“Under this unique timing of the lapse in appropriations, agencies should take into consideration an employee’s previously scheduled leave, [alternative work schedule] day off, or holiday(s) that takes place during the furlough period and allow the employee to be furloughed during the period the employee had been scheduled to take leave — unless the agency determines there is a need for the employee to report to work to perform excepted activities,” OPM said.

Employees can perform shutdown activities prior to a potential partial shutdown as precaution.

“If an employee was scheduled to be on leave on the workdays immediately after the lapse commences, the employee is not required to report to duty to perform orderly shutdown activities on a scheduled leave day, even though the leave has been canceled,” OPM said. “An agency may allow such an employee to perform required orderly shutdown activities (if any, including receipt of a furlough notice) on the first workday on which the employee had been scheduled to return to duty.”

Some agencies are allowing their employees to accept furlough notices via email, meaning they wouldn’t need to come into the office to accept them.

Excepted employees are in a slightly different situation. Generally, excepted employees are expected to come work, but they can take an unpaid absence during the days they were previously scheduled to take leave, like during the week of Dec. 23, for example. If they do choose to take an absence during that time, excepted employees would be put in “furlough” status for those days, meaning they’re not guaranteed pay for the time off.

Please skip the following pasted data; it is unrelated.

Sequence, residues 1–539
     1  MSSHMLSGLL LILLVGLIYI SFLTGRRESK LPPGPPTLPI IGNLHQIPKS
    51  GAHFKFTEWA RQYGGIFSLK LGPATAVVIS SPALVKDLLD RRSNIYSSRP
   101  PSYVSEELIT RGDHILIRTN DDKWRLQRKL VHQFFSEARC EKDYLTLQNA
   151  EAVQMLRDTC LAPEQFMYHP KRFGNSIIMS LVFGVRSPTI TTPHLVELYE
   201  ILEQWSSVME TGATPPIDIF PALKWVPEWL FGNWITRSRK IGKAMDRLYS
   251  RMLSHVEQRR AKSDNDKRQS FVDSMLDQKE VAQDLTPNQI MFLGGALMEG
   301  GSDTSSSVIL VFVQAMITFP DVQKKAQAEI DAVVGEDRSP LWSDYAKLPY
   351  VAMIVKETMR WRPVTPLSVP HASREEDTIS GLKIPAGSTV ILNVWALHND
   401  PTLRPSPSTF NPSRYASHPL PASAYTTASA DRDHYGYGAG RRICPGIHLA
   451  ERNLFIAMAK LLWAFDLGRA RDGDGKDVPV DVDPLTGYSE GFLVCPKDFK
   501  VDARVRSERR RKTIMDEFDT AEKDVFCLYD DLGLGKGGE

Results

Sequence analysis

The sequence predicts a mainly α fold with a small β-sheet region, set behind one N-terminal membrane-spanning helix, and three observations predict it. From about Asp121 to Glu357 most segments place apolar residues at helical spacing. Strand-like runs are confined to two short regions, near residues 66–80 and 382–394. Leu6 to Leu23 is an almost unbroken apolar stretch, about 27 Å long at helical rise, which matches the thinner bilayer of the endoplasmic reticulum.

Remember, Monday, Dec. 24 is now considered a federal holiday for Christmas Eve, and Christmas Day on Dec. 25 is also a holiday. This means employees, if they’re expected to come in at all, wouldn’t need to return to their work sites until the next work day following a lapse in appropriation. For employees who work weekends, this could be Dec. 22 or 23. But for most who work Monday-Friday schedules, this day isn’t until Dec. 26.

What happens to my vacation time?

All scheduled paid leave and paid holiday time off are technically canceled for employees impacted by the shutdown, but it doesn’t necessarily mean you’re expected to come to work.

Again, excepted employees are expected to work and may earn holiday premium pay for the time spent in the office, but they won’t receive that pay until after the partial government shutdown ends.

If you’re scheduled to take use-or-lose annual leave at the end of the month or early January, you may have a few options, depending on the circumstances.

Federal employees who follow a biweekly pay period schedule may risk having their leave balances exceed the annual carry-over limit due to the partial government shutdown.

“Such canceled leave may be restored to the employee’s credit following agency procedures, since the lapse is considered an exigency of the public business,” OPM said. “However, leave that had previously been restored may not be restored even if scheduled use of the previously restored leave is canceled due to the lapse.”

This story will be updated as more information and clarification becomes available.